Leaving your customers with a lasting memory is the aim of storytelling. Technology should increase the enjoyment factor, not be a distraction or afterthought. Next, you’ll learn how to make this happen for your brand.
In the 21st century, technology can do amazing things. The future doesn’t quite look like how pop culture envisioned it. There are no flying cars, but everyone does walk around with a small computer in their hand. The boundaries of what technology can deliver are being pushed every day. The key is to align your narrative with the appropriate technology. How will you transport that visitor to a different time and place? Or a completely new world?
Creating this requires many things, from the architecture to the content to the technology. All need to work together to drive the narrative. So, what can you do with technology right now to immerse guests into your story?
The latest innovations in LEDs include Transparent LEDs and MicroLEDs. Transparent LEDs sit behind glass and are viewable at a long distance. The vivid graphics are still apparent. MicroLEDs are the latest version of fixed-display technology, using millions of small, individually addressable diodes to create the image. An excellent example of a MicroLED’s contribution to the story is the 50-foot-long unit used at Summit One Vanderbilt’s Unity exhibit. Guests scan wristbands to reveal previously taken 3D facial images and watch them move among the “clouds.”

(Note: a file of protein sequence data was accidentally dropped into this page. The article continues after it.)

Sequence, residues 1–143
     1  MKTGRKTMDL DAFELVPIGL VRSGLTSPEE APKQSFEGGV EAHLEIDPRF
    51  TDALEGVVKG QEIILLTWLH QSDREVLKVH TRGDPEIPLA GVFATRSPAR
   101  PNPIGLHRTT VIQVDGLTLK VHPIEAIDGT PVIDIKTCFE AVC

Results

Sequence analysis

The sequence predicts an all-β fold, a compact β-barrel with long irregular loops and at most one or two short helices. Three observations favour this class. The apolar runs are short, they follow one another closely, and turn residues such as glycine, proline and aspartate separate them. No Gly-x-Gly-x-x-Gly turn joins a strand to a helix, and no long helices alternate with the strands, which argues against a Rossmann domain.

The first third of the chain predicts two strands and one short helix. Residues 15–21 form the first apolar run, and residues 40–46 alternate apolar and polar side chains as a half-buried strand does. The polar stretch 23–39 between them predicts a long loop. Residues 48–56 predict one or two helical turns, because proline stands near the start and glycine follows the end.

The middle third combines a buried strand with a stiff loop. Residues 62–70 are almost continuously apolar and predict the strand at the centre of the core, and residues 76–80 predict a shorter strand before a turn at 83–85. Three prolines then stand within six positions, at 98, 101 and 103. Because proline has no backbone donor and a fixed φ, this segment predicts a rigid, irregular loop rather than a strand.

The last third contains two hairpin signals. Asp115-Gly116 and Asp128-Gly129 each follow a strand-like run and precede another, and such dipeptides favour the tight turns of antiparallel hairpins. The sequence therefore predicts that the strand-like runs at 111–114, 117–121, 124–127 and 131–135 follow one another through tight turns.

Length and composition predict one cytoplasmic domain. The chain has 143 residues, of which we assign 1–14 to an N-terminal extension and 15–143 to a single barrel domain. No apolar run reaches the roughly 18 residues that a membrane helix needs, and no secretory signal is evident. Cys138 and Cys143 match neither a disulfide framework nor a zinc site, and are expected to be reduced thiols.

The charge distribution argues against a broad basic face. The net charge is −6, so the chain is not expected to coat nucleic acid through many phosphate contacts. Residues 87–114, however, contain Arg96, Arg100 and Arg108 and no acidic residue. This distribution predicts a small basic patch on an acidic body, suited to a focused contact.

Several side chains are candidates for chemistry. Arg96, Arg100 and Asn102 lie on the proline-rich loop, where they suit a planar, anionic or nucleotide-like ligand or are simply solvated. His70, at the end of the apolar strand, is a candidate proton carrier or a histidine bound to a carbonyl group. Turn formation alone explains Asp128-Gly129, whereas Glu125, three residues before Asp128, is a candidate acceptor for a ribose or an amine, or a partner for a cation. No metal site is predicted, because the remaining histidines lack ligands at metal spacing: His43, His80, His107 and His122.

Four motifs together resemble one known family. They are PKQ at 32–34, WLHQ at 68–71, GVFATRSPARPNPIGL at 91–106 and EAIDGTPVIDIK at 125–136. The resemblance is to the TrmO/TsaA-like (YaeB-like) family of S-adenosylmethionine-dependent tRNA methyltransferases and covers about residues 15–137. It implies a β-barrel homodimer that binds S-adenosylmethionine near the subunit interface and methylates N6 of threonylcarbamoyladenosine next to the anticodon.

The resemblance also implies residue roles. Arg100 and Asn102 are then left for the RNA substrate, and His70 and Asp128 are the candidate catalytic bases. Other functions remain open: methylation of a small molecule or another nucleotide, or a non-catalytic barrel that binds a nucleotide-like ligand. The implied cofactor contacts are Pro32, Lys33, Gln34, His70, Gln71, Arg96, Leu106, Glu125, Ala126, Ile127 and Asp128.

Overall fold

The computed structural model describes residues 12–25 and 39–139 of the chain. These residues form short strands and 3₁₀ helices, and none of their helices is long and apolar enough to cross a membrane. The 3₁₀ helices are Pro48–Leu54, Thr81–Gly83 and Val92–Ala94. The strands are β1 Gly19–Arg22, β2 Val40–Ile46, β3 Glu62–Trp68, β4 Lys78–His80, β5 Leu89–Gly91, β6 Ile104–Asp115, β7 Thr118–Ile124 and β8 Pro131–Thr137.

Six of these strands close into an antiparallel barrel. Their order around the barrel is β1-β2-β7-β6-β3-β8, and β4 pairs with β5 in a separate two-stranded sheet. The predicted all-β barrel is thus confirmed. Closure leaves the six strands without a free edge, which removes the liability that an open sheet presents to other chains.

Interaction elements make your guests part of the story. There are so many ways to tie this into narratives. The more interactive displays you use, the more exciting for guests. It was pivotal for exhibits at the International Spy Museum. With 16 interactives, guests see the world of spies in a way that no ordinary museum can offer.
Projection mapping turns any surface into a screen. When creating an immersive experience, you won’t always have a wall to project onto, as you’re curating a space to look and feel like more than just a room. With projection mapping capabilities, the smallest or largest objects add to the story. The Snorri Touren Dark Ride leverages the technique along with other advanced technology to create a 360-degree ride taking guests to a mysterious fantasy island.